Moreover, many of the forests in Southeast Asia are located on top of giant peat bogs. Once exposed to the surface during the process of burning, these bogs emit large amounts of methane gas which is destructive to the ozone layer. Despite the environmental destruction resulting from conventional palm oil farming, the expansion of trade offered has been viewed as a welcome source of jobs and prosperity for impoverished communities. Unfortunately, much of the development often results in the opposite effect. Funds are funneled outside of the local community instead of being directed where they are needed the most. The practice often strengthens criminal elements that employ violent methods to further marginalize disadvantaged groups. In Borneo, the Penan people have struggled to fight against poachers and palm oil magnates that have zeroed in on their native lands.

In addition, there have been widespread reports of abuses of workers laboring in unsafe conditions while being underpaid. Recently, Amnesty International released a report accusing  Unilever and Nestle of sourcing their palm oil from a supplier associated with child labor. Even with such circumstances, localities have bristled at the outside interference of groups interested in stalling the practice. As a response to such criticism, the Round Table on Sustainable Palm Oil and other activists have outlined strategies for sustainable palm oil farming that attempt to preserve biodiversity while providing a lucrative outlet for local communities. Despite their development, the deployment of sustainable palm oil practices is still in its infancy.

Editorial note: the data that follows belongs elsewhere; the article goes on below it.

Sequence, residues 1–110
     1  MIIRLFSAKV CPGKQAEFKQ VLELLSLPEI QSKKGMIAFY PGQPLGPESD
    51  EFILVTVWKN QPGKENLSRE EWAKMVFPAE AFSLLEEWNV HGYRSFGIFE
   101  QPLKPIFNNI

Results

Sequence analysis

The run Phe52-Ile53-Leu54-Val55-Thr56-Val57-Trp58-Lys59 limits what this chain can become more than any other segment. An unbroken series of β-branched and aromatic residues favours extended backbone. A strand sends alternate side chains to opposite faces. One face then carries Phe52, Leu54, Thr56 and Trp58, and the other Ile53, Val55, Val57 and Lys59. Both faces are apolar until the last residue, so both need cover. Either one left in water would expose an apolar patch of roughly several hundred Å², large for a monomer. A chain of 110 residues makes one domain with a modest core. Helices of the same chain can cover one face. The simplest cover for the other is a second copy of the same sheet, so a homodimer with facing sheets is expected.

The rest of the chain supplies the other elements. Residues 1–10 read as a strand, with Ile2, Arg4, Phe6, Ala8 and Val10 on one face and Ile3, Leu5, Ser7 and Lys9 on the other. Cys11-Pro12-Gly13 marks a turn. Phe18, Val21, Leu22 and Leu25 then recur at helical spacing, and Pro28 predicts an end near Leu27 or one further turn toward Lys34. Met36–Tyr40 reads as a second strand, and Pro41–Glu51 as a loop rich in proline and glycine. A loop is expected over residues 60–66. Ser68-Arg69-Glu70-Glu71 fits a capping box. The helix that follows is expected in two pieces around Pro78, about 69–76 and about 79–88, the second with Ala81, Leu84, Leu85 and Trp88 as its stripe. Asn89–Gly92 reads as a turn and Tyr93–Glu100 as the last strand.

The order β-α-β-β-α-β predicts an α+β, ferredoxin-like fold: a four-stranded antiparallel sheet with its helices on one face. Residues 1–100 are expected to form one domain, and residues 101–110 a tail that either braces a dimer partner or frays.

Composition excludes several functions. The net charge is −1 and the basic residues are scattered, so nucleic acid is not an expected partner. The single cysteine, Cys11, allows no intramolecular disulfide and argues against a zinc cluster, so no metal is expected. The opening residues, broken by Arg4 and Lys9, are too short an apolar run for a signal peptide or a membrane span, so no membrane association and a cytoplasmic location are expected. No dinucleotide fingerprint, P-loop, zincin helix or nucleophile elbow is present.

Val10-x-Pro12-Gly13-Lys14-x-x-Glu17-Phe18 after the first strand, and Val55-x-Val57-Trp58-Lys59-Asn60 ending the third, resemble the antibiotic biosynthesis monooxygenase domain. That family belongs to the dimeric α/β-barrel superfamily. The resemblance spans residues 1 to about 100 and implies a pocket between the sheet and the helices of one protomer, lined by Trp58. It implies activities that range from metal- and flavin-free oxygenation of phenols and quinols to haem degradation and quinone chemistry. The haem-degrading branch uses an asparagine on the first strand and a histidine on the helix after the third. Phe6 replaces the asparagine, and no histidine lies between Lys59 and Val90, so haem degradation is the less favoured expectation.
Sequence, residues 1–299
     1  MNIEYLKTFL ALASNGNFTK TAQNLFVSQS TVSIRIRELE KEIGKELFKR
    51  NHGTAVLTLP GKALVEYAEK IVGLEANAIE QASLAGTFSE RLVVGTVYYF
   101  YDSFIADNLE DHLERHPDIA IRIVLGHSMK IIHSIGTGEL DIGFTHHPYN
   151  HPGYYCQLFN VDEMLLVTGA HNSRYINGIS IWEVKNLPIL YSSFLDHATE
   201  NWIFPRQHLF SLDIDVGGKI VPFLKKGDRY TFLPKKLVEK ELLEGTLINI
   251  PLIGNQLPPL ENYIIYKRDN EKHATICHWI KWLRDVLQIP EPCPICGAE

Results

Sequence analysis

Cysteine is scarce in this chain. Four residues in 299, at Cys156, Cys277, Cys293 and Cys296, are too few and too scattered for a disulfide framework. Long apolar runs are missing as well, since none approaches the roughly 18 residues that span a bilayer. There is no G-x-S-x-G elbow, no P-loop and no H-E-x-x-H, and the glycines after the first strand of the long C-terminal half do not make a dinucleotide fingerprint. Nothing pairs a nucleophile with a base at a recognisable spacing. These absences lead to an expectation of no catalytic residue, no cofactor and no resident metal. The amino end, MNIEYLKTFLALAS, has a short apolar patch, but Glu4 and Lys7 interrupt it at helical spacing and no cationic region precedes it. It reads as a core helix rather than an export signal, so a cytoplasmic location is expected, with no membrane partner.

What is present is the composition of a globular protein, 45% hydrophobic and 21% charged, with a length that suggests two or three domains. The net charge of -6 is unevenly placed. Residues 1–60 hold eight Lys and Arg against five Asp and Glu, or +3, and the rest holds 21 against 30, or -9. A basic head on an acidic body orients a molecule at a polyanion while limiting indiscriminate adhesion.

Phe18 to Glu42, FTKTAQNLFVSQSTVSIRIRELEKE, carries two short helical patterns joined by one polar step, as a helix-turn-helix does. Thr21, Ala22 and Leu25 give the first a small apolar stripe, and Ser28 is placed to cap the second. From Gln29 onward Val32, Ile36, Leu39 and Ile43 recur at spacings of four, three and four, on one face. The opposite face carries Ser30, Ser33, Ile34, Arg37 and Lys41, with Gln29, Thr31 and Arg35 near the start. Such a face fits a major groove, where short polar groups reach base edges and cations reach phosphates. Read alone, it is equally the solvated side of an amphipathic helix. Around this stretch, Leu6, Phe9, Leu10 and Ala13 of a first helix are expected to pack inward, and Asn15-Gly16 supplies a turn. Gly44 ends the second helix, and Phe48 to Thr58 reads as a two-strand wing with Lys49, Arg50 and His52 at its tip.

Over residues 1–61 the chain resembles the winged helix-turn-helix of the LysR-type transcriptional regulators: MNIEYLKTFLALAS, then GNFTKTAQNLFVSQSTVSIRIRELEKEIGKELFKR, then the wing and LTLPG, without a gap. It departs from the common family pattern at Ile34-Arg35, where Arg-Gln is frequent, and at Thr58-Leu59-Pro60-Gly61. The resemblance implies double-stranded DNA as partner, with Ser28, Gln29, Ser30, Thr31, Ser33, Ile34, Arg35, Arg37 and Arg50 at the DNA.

Until a few years ago, publicity surrounding palm oil farming was limited. Ironically it was not until the rapid growth of Nutella outside of Europe that many people began to take notice of the presence of palm oil in certain products. Palm oil is not only found in food products, but is also often incorporated into toothpaste, shampoo, and soap to provide a foamier texture. Because of its qualities, global companies have been on the forefront of incorporating palm oil into their products. According to a study by the Independent, 43 of the U.K.’s top 100 grocery brands contain some amount of palm oil. As publicity surrounding the link between palm oil and deforestation has become more widespread, companies have begun to take notice of criticism by consumers. Ferrero SpA, which makes the popular chocolate spread Nutella, has come under fire for the use of palm oil in its product.